WASHINGTON (CNN) -- Federal and local officials are bracing for an expected massive turnout for the January inauguration of President-elect Barack Obama, but say predictions of 4 or 5 million visitors to Washington are too high.
Federal officials are bracing for a massive turnout for Barack Obama's presidential inauguration.
However, authorities from several law enforcement and transportation agencies declined to offer an alternative estimate for the January 20 swearing-in and parade.
"We continue to check on expected planes and buses and hotel rooms, and I can say there's just nothing to suggest 4 million. But if it happens we'll be prepared to deal with that," said Malcolm Wiley, a spokesman for the U.S. Secret Service.
For crowd control, the Metropolitan Washington Police Department has arranged for 4,000 police from departments outside Washington to match the 4,000 Washington police officers assigned exclusively to the inauguration.
Planners are looking for parking for an expected 10,000 tour buses from outside the Washington area. That's about 10 times the number of tour buses that flood the nation's capital annually for the Cherry Blossom Festival. So far, officials have found about 75 percent of needed bus parking, but space is becoming precious. Shuttle arrangements to sports stadium locations in Maryland are under consideration.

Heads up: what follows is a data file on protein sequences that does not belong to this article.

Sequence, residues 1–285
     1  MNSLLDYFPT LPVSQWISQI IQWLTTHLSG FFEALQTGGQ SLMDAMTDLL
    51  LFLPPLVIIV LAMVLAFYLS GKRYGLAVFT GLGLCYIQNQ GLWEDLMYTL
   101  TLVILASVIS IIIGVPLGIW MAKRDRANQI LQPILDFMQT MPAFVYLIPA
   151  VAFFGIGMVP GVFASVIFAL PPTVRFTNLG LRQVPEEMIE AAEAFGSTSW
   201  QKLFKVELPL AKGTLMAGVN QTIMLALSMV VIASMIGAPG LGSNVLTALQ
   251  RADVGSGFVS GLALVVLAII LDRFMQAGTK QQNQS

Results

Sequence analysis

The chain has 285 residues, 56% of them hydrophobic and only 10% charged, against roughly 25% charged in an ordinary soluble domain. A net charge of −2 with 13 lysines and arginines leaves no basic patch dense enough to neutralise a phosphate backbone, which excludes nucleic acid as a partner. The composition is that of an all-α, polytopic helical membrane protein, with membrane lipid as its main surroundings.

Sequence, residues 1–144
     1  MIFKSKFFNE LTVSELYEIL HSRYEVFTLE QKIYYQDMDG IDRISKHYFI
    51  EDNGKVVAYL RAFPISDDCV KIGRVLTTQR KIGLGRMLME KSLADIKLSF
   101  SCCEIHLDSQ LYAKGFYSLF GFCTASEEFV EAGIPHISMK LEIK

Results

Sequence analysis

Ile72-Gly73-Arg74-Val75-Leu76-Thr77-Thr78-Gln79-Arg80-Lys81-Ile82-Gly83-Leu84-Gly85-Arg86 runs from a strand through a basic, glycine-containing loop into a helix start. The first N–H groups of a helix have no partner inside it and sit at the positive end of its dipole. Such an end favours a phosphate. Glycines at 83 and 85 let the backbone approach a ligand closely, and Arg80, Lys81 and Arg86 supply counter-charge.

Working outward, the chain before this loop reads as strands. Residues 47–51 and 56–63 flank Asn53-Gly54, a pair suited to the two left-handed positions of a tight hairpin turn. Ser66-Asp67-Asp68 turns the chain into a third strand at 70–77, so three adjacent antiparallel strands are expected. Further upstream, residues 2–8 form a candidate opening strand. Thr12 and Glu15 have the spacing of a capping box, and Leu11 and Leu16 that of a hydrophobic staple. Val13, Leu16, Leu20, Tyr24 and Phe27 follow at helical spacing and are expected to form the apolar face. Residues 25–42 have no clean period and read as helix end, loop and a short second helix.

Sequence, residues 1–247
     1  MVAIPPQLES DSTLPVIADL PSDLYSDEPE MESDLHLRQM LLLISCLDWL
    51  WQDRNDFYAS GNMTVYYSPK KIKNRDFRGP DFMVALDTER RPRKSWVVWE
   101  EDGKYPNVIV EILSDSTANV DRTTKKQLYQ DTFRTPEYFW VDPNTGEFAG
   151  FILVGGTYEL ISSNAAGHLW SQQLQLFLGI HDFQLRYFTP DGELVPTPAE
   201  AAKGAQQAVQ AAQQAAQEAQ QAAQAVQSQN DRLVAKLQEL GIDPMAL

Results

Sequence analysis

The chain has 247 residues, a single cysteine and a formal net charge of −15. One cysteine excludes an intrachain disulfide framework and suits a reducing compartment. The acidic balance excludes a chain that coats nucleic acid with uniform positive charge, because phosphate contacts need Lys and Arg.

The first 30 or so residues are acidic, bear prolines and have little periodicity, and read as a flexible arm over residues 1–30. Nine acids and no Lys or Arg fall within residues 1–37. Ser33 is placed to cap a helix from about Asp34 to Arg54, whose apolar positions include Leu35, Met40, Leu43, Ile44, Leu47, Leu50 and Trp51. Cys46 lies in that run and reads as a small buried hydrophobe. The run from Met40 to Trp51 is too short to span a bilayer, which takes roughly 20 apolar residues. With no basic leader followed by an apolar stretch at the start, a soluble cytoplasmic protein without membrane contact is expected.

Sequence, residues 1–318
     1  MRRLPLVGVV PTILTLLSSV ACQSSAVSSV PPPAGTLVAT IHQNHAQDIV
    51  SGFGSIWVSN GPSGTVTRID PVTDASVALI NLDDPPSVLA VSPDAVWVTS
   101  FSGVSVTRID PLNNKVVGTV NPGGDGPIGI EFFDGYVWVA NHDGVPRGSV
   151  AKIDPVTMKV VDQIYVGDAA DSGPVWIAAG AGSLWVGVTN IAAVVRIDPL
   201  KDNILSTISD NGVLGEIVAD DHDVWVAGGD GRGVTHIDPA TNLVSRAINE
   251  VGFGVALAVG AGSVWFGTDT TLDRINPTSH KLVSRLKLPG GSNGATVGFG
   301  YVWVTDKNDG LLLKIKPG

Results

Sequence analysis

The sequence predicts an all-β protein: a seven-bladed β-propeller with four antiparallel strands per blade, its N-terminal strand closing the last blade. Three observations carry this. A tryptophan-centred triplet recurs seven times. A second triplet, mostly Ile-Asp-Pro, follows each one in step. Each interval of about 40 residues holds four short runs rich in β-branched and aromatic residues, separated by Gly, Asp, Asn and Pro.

In a briefing for reporters, officials sent something of a mixed message: While they're hoping for a giant well-controlled party, they are planning for potential logistical difficulties.
Everyone coming to Washington should know it's going to be crowded, says Kevin Griffis of the Presidential Inaugural Committee. Watch a Web site designed for people without tickets »
Visitors, though, are likely to be in a festive, celebratory mood and willing to exercise more patience and courtesy, he said.
"This is not a group of people who are going to get a root canal together," Griffis said.
Lots of patience and comfortable shoes will be crucial for surviving the Obama inaugural.
"If you're within one to two miles of the festivities, just walk," said Lisa Forestein, a spokesperson for Washington's Metro subway system. "Otherwise you'll just stand there watching full train after full train go by."
Forestein admitted the subway system is one part of the system that will be utterly overwhelmed.
"It's going to be what we call a crush load, with passengers pushing up against each other," she said.
"We can't handle 2 or 3 million people. The most we can handle is 120,000 trips an hour. Multiply that out and the very best case scenario for all day is we can handle 960,000 trips," she said. "And that's if nobody gets sick and nobody's stroller damages a door, taking a car out of service."
Although the National Mall is officially open around the clock, officials said they will not allow visitors to camp overnight. They will allow visitors to the National Mall as early as 4 a.m., when the region's Metro subway system begins to run.